Short Story #68: What's It Like Out There by Edmond Hamilton
Title: What's It Like Out There
Author: Edmond Hamilton
SummarySergeant Frank Haddon has returned from the third Mars expedition in which a significant number of crewmen died. He made it back but not is faced with reaching out to families of crew-members he was friendly with. He first visit's Joe's family and tells his parents that Joe died on take off but did so in a peaceful manner. However, he flashes back to the actual event and the reader learns that it was anything but peaceful. He moves on to Jim's family to explain that Jim had gotten the Martian sickness and despite receiving the best care, died. In contrast to the story he tells the family, he again flashes back to show how little care Jim did get and eventually died in his bunk. The final encounter is his two closest friends, Walt and Breck. He eventually explains that they too died accidentally and without malice, but Frank in his head recounts the truth. He explains that Walt has instigated a mutiny when things were looking particularly bad and Walt and Breck ultimately shot each other dead in the midst of the insurrection. He returns home to parades and celebrations but it all feels hollow. He wanders around and ponders while looking up into the sky why he lied and admits that he would never feel young again.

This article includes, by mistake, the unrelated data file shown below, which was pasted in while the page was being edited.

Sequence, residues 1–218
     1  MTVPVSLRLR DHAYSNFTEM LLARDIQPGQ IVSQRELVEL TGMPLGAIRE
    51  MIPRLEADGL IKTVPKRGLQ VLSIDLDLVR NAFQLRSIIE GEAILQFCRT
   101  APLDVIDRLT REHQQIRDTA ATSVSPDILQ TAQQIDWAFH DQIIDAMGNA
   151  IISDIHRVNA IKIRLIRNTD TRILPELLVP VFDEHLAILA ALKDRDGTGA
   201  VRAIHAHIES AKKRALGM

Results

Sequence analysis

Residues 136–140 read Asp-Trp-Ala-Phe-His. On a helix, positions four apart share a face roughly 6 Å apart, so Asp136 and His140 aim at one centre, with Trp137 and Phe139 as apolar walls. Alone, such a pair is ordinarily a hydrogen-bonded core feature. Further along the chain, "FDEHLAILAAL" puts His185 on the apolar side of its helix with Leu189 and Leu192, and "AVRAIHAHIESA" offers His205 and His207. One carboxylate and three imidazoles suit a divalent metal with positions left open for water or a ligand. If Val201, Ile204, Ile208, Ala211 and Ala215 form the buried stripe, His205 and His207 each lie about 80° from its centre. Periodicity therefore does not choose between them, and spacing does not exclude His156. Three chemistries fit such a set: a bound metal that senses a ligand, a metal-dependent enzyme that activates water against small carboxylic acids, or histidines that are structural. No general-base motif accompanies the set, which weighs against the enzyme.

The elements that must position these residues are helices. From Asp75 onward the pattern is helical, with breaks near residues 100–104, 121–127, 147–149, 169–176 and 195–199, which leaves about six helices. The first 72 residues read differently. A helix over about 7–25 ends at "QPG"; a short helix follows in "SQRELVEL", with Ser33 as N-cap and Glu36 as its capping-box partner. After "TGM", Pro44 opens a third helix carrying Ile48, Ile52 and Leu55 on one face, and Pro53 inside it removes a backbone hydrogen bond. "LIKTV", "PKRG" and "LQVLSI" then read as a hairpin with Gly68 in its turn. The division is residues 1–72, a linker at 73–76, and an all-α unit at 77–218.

ReflectionThis was a solid story. The interweaving of past and present and the weight that sits upon Frank's story is felt throughout. We can sense the deep struggle to tell the truth to the families and how Frank must wonder if the last memory of their child should be so dark and daunting. After all, would the truth give the closure that the families needed? It reminds me of the conversations we have in our culture over truth and is it ever ok not to be truthful.
Short Story #68 out of 365
Rating: 4 (out of 5 stars)
Date Read: 3//8/2014
Source: A Century of Science Fiction, edited by Damon Knight.
For a full listing of all the short stories in this series, check out the category 365 Short Stories a year.
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